Orvis Guide to Adventure
What to Pack for your Patagonia Adventure
Pack light for adventure travel to Patagonia, but pack smart: layers rule the day in a region where you can experience sweltering heat, rain, and winds reaching 100 mph in a single 24-hour stretch. Because of the vast expanse of Patagonia’s 400,000 square miles, precisely what you put in your suitcase depends in part on where you plan to go specifically. You’re more likely to confront rain in Argentine Patagonia than in Chile, for example, where it rarely rains in summer. But you’ll absolutely need a rain jacket for Chilean winter. (Keep in mind the seasons are flipped in Patagonia.)
Two properties should describe the clothing you pack for Patagonia adventure travel, whenever you choose to go: quick-drying, and breathable. And remember the truth about a desert environment, which fairly describes the majority of Patagonia: days can be sultry and nights frigid, so packing in layers is a must—you may not need them during exertion in the heat of day, but layers will certainly come in handy in the early mornings and evenings. Choose base layers in a moisture-wicking textile like merino wool or drirelease®, add a ‘peelable’ mid-layer like a fleece jacket or a sweater, and finish with a down outer layer for extreme cold if you think you’ll encounter it. And wear long-sleeved shirts if you can: Patagonia falls within an area under the ozone hole over Antarctica, so your skin is more vulnerable to UV radiation there than it is elsewhere on the globe.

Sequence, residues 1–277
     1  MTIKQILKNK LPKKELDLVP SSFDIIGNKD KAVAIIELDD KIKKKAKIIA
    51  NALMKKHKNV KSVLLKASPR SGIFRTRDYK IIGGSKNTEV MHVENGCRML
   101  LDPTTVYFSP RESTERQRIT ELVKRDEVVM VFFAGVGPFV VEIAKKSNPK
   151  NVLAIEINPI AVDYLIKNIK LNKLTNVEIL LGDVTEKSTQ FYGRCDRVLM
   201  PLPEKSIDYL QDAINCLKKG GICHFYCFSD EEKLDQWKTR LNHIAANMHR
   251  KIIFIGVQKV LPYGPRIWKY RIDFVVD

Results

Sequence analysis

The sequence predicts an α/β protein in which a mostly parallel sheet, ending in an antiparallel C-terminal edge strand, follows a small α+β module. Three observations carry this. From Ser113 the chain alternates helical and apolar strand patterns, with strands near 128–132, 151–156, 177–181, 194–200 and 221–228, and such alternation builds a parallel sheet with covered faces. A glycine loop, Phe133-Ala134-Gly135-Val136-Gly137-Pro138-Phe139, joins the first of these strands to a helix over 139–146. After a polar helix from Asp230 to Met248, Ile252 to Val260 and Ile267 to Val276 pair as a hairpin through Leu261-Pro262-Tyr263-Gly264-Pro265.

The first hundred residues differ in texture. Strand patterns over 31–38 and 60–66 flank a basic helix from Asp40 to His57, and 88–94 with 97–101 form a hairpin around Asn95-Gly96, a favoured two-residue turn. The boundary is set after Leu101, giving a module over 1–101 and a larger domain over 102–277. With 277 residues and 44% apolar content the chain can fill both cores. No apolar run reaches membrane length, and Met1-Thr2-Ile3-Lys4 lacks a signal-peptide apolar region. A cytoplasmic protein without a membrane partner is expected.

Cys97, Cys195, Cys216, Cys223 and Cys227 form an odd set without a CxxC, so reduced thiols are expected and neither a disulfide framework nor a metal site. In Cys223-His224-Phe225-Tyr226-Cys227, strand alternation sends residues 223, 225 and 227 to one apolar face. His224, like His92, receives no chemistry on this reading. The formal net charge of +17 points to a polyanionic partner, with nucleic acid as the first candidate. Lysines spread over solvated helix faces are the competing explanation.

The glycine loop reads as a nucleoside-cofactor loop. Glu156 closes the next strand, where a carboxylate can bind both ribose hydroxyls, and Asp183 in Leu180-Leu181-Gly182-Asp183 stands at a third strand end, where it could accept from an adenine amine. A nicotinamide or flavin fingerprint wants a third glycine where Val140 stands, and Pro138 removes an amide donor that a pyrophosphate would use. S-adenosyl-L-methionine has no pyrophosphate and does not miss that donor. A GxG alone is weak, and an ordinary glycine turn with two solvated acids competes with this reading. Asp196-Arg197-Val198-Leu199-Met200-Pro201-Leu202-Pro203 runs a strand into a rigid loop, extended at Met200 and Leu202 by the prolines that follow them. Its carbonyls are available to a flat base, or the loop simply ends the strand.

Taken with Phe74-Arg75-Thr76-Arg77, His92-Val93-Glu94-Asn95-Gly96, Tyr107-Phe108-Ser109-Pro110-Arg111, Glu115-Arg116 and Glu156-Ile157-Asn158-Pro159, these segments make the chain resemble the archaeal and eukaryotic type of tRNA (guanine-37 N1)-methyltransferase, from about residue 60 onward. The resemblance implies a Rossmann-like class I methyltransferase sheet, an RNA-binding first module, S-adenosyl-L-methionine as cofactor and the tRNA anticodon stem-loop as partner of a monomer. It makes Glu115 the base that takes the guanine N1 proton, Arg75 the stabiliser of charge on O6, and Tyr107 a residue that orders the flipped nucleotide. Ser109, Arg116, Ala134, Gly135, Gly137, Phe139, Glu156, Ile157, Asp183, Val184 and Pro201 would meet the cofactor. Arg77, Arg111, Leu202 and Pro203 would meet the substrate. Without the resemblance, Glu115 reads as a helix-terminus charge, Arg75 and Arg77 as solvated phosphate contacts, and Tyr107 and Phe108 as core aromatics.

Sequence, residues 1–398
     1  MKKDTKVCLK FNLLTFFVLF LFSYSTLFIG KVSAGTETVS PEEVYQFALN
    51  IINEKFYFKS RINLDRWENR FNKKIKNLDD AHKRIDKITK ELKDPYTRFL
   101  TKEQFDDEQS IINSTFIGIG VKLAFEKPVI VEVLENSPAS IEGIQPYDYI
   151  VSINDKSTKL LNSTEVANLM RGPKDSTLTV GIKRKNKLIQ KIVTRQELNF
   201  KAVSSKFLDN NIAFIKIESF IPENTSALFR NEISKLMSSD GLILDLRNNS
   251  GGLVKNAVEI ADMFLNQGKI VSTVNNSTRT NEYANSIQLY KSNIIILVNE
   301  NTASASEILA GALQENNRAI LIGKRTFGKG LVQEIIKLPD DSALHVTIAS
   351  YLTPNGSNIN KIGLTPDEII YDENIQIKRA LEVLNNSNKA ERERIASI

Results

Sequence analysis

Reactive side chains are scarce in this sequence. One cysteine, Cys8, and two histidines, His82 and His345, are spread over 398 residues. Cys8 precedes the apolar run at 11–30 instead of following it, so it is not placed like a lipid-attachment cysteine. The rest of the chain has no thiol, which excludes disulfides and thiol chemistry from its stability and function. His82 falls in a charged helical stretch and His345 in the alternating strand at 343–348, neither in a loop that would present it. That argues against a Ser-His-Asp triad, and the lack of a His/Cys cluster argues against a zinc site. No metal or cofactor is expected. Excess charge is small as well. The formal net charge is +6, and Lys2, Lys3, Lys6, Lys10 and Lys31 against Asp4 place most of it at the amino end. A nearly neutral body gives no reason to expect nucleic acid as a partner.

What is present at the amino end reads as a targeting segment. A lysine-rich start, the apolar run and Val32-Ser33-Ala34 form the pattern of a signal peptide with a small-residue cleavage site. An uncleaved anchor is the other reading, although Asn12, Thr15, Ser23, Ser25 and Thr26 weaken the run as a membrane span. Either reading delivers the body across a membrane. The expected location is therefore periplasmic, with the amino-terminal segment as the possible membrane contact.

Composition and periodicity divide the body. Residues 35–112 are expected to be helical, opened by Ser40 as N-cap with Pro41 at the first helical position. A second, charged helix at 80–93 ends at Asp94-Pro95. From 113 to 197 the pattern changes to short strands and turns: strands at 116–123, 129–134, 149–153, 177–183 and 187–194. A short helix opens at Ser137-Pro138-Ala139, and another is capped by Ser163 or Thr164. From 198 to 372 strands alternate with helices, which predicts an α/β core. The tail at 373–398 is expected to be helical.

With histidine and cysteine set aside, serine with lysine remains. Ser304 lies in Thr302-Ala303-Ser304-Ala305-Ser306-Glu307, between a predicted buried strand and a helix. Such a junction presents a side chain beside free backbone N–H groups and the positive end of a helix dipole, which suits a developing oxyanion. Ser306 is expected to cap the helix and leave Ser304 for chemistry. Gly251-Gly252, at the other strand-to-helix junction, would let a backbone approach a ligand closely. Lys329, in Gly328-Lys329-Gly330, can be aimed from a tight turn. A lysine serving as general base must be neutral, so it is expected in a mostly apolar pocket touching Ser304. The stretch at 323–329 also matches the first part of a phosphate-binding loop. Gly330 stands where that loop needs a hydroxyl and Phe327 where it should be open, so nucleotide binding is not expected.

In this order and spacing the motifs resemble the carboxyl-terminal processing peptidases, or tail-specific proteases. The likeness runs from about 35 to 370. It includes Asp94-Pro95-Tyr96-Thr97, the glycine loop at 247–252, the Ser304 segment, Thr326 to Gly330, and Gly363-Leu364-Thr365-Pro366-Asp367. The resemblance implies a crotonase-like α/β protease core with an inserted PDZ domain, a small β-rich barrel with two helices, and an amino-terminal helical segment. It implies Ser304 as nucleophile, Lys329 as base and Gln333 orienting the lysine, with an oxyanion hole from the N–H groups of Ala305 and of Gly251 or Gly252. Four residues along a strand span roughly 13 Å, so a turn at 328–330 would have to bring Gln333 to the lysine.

Essentials - Clothing & Accessories
Tip: You will not need flashy accessories for adventure travel in Patagonia. Opt instead for a couple of thoughtfully chosen pieces (a scarf, and perhaps a single piece of statement jewelry) to add color to an outfit for the occasional venue that might call for it.
Tip: Packing an extra pair of comfortable shoes gives your feet a break from your hiking boots in the evenings and when you’re touring towns.
Tip: If you plan to hike the “W” or the “Circuit” in Torres Del Paine, be prepared to carry everything you need for the duration. Take two trekking poles if you undertake more challenging terrain—it will save your knees on the descent. Local outdoor equipment is costly, so if you intend to hike with equipment you’re better off bringing your own.
Tip: Visas are not required to enter Chile or Argentina for American, Canadian, Australian, New Zealand, or most European citizens who plan to stay up to 90 days. But always check before departure to make sure the rules have not changed.
In short, when you pack for Patagonia think ‘unpredictable’—it’s part of the region’s allure, after all. Be prepared with both warm and cool layers, and performance outerwear. Use common sense: it’s colder in the mountains and glacial areas, so pack and dress accordingly if these are on the agenda. On the opposite end of the weather spectrum is the Atlantic Coast between December and March, where temperatures occasionally soar to 90°F. Whatever conditions you encounter in Patagonia, its distinctive native wildlife, jaw-dropping natural environment and colorful heritage, and the promise of adventure all conspire to make your trip there unforgettable.
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